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Ancient Egyptian records provide clues to ophthalmic care


Chronic trachoma was treated with oily or fatty ointments, which contained myrrh, resin, malachite, yellow ocher, and red natron.

Two revealing scrolls

Most of the medical information from this early period comes from two papyrus scrolls, each of which is named after its archaeological discoverer or the person who purchased it.

The Ebers papyrus was named after George Ebers, a German professor. In the late 1800s he obtained the 20-meter papyrus, which dates from approximately 1550 B.C. Today it is housed at the University of Leipzig. The other well-known one is the Edwin Smith papyrus, dating from approximately 1600 B.C., which can be found at the New York Academy of Medicine. The Edwin Smith papyrus is approximately 4.5 meters in length and thought to be a copied text that was originally made in 3000 B.C. Both of these scrolls provide insight into what the Egyptians knew during the period around 2000 B.C.

Chronic trachoma was most likely a serious disease of the period. Eye blurriness in both acute and chronic forms is mentioned in the Ebers papyrus. The condition was treated with oily or fatty ointments, which contained myrrh, resin, malachite, yellow ocher, and red natron. These treatments were used by Greek and Arab physicians later.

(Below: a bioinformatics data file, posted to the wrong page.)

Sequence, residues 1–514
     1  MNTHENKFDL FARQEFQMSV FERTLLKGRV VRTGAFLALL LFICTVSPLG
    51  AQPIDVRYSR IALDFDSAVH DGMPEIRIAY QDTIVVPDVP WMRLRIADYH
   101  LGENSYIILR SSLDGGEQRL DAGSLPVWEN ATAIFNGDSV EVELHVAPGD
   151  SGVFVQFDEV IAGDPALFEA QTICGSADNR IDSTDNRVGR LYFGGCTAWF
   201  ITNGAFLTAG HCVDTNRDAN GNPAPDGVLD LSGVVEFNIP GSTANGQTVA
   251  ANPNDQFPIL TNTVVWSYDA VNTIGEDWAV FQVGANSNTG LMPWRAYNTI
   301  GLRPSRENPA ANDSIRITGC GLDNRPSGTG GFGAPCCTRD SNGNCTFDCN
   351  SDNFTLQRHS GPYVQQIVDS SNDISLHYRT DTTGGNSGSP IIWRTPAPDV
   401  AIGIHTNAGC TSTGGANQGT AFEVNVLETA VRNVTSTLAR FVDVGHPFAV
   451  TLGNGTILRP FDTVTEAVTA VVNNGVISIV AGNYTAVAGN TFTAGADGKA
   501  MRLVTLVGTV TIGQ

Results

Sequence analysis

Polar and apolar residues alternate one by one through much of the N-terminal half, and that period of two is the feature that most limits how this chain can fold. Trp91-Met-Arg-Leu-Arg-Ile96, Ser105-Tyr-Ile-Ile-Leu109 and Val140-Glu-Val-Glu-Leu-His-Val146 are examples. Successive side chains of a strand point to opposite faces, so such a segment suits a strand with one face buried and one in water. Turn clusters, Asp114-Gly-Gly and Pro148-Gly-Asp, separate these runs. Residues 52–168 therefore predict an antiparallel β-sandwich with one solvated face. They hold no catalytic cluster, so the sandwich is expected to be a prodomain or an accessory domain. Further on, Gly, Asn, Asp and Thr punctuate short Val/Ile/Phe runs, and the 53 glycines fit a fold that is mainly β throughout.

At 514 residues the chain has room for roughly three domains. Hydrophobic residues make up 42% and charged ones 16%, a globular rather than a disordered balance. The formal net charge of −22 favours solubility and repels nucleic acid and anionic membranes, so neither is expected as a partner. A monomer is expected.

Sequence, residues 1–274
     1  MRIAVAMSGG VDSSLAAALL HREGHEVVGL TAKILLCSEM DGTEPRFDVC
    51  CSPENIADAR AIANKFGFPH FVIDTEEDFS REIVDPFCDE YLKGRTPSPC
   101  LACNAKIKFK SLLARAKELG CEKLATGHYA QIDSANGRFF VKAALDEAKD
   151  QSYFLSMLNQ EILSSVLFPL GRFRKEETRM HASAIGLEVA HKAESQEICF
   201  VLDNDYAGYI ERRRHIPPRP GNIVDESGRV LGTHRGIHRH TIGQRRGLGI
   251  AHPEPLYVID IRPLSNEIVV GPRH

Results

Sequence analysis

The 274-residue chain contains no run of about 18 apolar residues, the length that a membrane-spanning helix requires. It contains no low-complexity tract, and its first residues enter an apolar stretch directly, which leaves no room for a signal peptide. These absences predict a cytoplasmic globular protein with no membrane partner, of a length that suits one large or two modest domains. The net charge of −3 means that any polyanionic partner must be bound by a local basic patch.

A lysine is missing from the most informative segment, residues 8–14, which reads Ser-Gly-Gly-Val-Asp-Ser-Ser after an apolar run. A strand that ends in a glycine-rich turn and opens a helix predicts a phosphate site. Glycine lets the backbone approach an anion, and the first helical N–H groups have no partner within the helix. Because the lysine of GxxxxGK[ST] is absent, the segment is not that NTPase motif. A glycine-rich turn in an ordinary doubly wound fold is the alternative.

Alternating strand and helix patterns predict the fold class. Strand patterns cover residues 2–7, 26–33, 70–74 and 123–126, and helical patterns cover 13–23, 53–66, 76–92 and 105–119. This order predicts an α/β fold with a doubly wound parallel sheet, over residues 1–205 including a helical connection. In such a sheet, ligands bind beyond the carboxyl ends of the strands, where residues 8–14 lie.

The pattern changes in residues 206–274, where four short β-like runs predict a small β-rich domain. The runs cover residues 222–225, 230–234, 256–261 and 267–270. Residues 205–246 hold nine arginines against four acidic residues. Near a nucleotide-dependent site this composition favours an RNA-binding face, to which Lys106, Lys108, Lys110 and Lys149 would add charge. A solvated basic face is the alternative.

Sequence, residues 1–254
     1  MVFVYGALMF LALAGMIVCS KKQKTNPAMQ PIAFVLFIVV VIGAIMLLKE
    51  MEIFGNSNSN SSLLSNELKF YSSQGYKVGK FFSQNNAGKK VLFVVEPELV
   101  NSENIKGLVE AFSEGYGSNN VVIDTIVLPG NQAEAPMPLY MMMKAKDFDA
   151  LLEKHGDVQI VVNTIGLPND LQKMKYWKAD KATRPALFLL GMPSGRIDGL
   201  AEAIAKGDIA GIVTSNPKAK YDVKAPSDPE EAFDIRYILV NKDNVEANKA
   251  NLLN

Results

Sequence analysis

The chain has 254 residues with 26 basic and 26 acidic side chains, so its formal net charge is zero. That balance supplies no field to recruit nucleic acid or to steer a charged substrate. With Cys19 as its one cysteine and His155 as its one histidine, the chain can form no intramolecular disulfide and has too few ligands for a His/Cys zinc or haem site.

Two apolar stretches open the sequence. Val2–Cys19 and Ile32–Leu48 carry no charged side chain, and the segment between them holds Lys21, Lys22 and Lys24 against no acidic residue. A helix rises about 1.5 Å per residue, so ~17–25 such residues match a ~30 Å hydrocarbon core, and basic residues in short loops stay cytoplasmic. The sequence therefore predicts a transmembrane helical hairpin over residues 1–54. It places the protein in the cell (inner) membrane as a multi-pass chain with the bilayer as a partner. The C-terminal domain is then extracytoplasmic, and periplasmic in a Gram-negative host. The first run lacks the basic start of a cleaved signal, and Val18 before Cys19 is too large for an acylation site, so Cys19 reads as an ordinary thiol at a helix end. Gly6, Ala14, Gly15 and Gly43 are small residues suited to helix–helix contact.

Leukoma or a white spot of the cornea was treated with a variety of animal galls, specifically that of the tortoise. Chalazion, or little grain, was treated with ointments. Pterygium and cataracts also were mentioned in both of these scrolls but there was no indication that surgery was ever considered in either of these disorders. Bending of the hairs of the lid (trichiasis) and eversion of the flesh (ectropion) involved pulling the hairs out of the lid margin when they became too long and injured the eye. Other remedies for lid disorders included sulfite of antimony and a variety of copper solutions. Milk, blood, urine, and animal excrements were also part of the ancient Egyptian pharmacopoeia.

Blindness was also depicted in Egyptian paintings and on monuments. It is well-known that blind musicians were admitted to the harems of kings and nobles. One of the most famous paintings of the blind from 1500 B.C. is that of a blind harpist with seven blind choral singers sitting behind him.

Blindness was a troublesome problem for the ancient Egyptians. Our search for curing vision-threatening diseases continues today.

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